Outside scientists suggested the achievement could be worthy of a Nobel Prize, just like the gravitational wave discovery.

“I think it looks very convincing,” said Andrea Ghez, director of the UCLA Galactic Center Group, who wasn’t part of the discovery team.

The image helps to confirm Einstein’s general theory of relativity. A century ago, Einstein even predicted the symmetrical shape that scientists just found.

The picture was made with equipment that detects wavelengths that can’t be seen by the human eye, so astronomers added color to convey the ferocious heat of the gas and dust, glowing at a temperature of perhaps millions of degrees. But if a person were to somehow get close to this black hole, it might not look quite like that, astronomers said.

The black hole is about 6 billion times the mass of our sun and is in a galaxy called M87 that is about 53 million light-years from Earth. One light-year is 5.9 trillion miles, or 9.5 trillion kilometers.

Black holes are the “most extreme environment in the known universe,” Broderick said, a violent, churning place of “gravity run amok.”

While much of the matter around a black hole gets sucked into the vortex, never to be seen again, the new picture captures gas and dust that are lucky to be circling just far enough to be safe and to be seen millions of years later on Earth.

A black hole’s gravity creates a funhouse effect where you can see light from both behind the black hole and behind you as the light curves and circles around the black hole.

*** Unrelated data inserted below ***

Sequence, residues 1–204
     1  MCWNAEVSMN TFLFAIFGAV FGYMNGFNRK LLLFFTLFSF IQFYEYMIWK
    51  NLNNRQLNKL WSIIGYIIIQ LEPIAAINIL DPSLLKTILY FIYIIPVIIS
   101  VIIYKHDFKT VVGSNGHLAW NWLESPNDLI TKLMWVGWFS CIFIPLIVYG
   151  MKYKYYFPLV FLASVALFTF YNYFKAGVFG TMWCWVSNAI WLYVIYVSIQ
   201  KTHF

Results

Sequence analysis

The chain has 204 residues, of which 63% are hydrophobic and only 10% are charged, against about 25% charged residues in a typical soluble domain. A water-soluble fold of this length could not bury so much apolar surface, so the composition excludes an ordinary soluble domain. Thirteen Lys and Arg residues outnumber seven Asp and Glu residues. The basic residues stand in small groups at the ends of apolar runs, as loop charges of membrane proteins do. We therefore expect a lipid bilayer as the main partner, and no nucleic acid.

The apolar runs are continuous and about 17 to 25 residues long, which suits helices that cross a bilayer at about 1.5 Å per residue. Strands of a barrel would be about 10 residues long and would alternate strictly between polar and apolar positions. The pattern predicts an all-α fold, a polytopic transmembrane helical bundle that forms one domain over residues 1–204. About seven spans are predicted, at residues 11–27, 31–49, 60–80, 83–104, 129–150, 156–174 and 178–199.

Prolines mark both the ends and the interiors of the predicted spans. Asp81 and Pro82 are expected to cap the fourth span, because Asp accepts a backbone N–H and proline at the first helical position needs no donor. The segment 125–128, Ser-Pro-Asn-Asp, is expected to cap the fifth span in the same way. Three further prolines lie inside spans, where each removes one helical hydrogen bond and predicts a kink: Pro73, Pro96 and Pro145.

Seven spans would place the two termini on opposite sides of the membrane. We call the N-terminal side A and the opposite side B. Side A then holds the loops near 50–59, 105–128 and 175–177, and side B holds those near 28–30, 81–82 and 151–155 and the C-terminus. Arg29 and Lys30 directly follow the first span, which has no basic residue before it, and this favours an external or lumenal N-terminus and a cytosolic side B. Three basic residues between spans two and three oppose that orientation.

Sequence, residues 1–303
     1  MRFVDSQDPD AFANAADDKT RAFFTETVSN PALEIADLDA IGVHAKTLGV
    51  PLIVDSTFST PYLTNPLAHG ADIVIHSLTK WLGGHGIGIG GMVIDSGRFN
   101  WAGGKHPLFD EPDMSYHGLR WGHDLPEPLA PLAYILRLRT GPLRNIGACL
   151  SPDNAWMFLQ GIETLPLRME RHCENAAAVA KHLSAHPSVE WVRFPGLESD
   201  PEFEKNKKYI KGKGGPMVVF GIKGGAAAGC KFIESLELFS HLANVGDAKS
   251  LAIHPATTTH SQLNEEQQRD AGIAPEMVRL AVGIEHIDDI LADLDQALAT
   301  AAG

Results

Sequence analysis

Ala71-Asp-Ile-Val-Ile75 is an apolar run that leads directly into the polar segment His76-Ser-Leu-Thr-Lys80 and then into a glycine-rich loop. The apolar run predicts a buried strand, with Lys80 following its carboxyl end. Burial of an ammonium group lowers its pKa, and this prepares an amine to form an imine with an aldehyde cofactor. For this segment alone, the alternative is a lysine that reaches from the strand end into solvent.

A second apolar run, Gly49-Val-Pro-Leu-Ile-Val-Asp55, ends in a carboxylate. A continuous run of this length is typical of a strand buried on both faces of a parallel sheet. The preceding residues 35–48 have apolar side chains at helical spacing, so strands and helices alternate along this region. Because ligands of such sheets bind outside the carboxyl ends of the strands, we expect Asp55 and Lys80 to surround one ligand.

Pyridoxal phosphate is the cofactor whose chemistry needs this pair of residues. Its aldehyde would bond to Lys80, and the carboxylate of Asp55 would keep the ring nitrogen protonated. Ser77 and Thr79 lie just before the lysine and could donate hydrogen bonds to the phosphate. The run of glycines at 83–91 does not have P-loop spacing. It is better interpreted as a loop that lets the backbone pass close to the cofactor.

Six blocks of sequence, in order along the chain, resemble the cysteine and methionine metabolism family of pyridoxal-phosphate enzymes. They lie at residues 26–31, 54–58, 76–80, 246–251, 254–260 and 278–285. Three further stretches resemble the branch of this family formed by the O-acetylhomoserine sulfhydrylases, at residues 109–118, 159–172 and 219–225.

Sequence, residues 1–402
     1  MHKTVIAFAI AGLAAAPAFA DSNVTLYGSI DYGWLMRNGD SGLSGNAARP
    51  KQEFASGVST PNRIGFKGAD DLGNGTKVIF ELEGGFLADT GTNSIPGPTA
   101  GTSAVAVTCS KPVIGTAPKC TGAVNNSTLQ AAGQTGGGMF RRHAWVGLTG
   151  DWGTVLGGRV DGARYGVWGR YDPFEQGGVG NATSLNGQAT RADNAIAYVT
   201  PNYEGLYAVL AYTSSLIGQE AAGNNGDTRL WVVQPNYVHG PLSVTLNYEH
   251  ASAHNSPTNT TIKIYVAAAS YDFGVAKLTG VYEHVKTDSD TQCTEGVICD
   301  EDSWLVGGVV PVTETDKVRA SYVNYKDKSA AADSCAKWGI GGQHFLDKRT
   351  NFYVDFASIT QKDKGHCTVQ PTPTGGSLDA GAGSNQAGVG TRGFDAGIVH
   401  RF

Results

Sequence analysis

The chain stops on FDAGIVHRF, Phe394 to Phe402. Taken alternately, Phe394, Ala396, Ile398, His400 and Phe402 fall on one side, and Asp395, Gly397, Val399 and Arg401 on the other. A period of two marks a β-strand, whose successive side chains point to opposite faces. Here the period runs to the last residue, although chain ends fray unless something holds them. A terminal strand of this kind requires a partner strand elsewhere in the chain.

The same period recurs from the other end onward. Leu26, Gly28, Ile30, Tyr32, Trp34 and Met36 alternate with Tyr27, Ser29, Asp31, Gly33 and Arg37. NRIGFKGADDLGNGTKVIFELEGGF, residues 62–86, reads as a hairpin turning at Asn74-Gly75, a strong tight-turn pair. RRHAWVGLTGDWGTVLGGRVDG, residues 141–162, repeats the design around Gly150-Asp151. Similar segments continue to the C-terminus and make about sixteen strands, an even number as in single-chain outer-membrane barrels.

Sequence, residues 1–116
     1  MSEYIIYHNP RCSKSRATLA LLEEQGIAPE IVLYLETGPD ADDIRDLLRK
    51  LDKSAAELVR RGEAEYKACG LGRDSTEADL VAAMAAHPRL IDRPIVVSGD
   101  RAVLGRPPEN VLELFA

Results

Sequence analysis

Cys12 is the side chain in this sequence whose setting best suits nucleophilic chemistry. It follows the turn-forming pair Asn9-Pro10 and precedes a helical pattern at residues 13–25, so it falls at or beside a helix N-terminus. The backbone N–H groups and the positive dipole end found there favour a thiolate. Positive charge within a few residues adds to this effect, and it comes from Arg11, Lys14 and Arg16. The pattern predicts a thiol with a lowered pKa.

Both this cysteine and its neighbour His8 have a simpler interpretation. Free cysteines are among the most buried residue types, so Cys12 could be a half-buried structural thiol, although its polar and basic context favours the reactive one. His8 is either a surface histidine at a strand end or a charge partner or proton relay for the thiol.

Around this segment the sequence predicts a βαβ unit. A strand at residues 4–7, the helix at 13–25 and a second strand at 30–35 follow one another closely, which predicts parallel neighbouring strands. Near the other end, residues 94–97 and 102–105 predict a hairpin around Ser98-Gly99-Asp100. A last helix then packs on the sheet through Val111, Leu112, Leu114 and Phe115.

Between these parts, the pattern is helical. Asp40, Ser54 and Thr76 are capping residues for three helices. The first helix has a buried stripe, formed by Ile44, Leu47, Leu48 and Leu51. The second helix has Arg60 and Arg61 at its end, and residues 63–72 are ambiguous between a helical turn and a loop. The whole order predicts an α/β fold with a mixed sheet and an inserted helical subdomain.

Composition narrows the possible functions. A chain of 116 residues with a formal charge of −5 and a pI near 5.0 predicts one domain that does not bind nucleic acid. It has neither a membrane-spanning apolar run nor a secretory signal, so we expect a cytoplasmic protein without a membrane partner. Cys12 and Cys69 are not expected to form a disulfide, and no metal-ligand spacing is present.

Despite decades of study, there are a few people who deny black holes exist, and this work shows that they do, said Boston University astronomer professor Alan Marscher, a co-discoverer.

The project cost $50 million to $60 million, with $28 million of that coming from the National Science Foundation. The same team has gathered even more data on a black hole in the center of our galaxy, but scientists said the object is so jumpy they don’t have a good picture yet.

Myth says a black hole would rip you apart, but scientists said that because of the particular forces exerted by an object as big as the one they documented, someone could fall into it and not be torn to pieces. But the person would never be heard from or seen again.

Black holes are “like the walls of a prison. Once you cross it, you will never be able to get out and you will never be able to communicate,” said astronomer Avi Loeb, who is director of the Black Hole Initiative at Harvard but was not involved in the discovery.

The telescope data was gathered two years ago, over four days when the weather had to be just right all around the world. Completing the image was an enormous undertaking, involving an international team of scientists, supercomputers and hundreds of terabytes of data.

“We’ve literally put our sweat blood and tears into this,” was the way Narayanan, of UMass, described the effort. He referenced the many nights — with little sleep and low oxygen — the UMass researchers spent atop Mexico’s fifth-highest peak, Sierra Negra, where the university’s telescope sits at an elevation of 15,000-feet. The Large Millimeter Telescope is a joint venture with Mexico’s National Institute of Astrophysics, Optics and Electronics.

“It’s extreme validation of that effort, and I am so happy for the whole UMass team,” Narayanan added. 

Dusty Christensen can be reached at